Ready for it?
If you ever find yourself in a Japanese bamboo forest, my advice is NOT to get lost because all the signs look like this:
After we made it out, we walked through the little town . . .
. . . and ate some weird food. Here’s Martha (my half-sister) with something that we expected to be sweet:
Looks like cream puffs with caramel sauce, right? Or something with vanilla and brown sugar? Well, it was mochi with soy sauce, which wasn’t actually bad. It was just shocking when we first bit into it.
Here’s something else that I got:
Looks good, right? I assumed it was some sort of crispy-on-the-outside, chewy-on-the-inside dessert with strawberry or cherry. But no. It was one of the worst-tasting things I’d ever had. I can’t even describe it. It was barely sweet, but also kind of rancid, and the flavor was hard to pin down. It was truly a mystery, and I’m a bit anxious when I think about what I might have eaten. Whatever it was, I think it was vegetarian, but I’m really not sure. You see, when you’re at a food cart or a grocery store and all the signs look like this . . .
. . . and no one working there speaks a single word of English, and you’re hungry as hell, what do you do? You get something that LOOKS good and hope for the best. In the photo above, does anyone have any idea what those popsicle-lookin’ things are?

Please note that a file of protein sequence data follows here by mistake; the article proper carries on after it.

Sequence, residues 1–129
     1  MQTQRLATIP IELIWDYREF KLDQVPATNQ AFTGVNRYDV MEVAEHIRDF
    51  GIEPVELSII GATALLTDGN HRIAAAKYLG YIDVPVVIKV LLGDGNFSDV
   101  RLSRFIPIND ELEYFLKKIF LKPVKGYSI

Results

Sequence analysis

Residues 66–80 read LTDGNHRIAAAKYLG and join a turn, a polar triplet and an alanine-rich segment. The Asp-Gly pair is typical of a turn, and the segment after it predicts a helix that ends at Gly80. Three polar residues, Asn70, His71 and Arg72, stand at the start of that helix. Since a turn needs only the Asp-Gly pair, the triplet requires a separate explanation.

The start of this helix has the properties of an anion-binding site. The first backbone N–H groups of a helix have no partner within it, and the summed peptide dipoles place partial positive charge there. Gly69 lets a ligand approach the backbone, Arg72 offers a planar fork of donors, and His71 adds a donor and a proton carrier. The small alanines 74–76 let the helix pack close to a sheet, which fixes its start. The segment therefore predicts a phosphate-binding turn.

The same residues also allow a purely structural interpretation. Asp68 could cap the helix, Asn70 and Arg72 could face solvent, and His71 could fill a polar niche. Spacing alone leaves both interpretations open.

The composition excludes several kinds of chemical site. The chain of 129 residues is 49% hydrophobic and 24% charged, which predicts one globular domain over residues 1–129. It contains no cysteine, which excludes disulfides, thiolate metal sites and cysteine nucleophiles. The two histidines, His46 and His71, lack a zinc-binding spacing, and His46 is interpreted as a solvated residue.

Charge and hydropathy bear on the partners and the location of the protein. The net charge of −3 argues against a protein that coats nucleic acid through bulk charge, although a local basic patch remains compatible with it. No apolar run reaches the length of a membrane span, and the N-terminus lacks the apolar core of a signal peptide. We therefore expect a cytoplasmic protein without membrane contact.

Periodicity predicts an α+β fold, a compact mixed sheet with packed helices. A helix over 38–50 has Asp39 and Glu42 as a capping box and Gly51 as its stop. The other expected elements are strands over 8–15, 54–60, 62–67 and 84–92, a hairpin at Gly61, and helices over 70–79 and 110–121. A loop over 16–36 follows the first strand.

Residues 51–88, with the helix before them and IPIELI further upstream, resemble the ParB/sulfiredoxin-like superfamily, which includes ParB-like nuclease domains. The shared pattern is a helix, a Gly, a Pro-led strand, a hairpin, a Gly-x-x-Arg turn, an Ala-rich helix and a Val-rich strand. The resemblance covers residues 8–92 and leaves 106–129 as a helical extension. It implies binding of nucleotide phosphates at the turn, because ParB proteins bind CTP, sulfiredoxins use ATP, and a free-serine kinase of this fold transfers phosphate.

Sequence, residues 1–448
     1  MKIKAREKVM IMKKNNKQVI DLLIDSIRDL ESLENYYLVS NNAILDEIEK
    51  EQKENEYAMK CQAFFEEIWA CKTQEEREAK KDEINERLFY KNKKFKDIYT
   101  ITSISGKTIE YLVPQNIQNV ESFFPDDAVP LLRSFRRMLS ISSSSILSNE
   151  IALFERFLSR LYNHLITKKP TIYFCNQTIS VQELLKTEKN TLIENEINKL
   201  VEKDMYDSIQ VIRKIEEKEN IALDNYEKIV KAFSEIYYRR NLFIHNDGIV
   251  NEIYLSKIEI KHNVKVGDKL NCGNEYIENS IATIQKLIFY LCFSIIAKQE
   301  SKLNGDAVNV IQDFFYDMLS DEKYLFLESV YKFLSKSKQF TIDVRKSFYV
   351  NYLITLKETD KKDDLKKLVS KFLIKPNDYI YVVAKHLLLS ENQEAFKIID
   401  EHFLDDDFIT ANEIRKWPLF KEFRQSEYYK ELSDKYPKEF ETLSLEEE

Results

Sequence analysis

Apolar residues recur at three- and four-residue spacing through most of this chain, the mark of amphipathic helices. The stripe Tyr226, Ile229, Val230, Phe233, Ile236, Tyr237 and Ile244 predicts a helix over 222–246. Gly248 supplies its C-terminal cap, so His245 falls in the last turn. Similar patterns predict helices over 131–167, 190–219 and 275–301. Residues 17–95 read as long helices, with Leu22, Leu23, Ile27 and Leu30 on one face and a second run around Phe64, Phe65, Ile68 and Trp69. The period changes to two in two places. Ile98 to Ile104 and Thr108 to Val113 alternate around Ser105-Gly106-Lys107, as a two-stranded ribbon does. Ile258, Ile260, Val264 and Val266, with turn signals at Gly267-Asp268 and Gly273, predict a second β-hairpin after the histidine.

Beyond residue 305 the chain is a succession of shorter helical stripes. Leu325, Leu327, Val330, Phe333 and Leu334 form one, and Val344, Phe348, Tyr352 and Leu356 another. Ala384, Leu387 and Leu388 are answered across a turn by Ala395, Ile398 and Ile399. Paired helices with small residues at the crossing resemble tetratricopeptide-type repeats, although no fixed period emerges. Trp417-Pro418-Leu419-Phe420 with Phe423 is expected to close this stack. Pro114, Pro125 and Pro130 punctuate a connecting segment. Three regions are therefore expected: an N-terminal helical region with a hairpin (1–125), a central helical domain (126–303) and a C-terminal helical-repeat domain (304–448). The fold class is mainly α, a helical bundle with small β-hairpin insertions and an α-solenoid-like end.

Finally, I saw a dessert stand that listed several items in English, so I ordered this:
According to the menu, it was a “vanilla cake roll sand,” and it was pretty good, although there was a bizarre after-taste that left me unsettled.
We stopped in a clothing store. I bought two shirts (which perhaps you’ll see someday at a ballpark) and ultimately decided that this hat wasn’t for me:
(Did you notice my shirt in the previous photo? Lena Blackburne in the house!)
This was our last look at the town before heading back to the train station:
At the end of our journey, the shuttle bus back to our hotel redefined the term “aisle seating.” Check it out:
Basically, when all the normal seats filled up, people started flipping down cushions that I hadn’t even noticed. These cushions were attached (with small but very strong hinges) to the sides of the normal seats, and BAM, just like that, there was a whole nother row of seating *in* the actual aisle.
We ended the night at this ramen place:
I had some of the best dumplings of my life . . .
. . . and followed that with THE best soup I’ve ever had:
The four main ingredients were noodles, pork, scallions, and of course the broth itself. I realize that it probably doesn’t look or sound terribly impressive, but man, I’m telling you. It was spicy and flavored to perfection.
This was the bill:
Stay tuned for Day 6 . . . as well as some entries from baseball games. I’m aware that there’s baseball being played, and I plan to see some of it in person.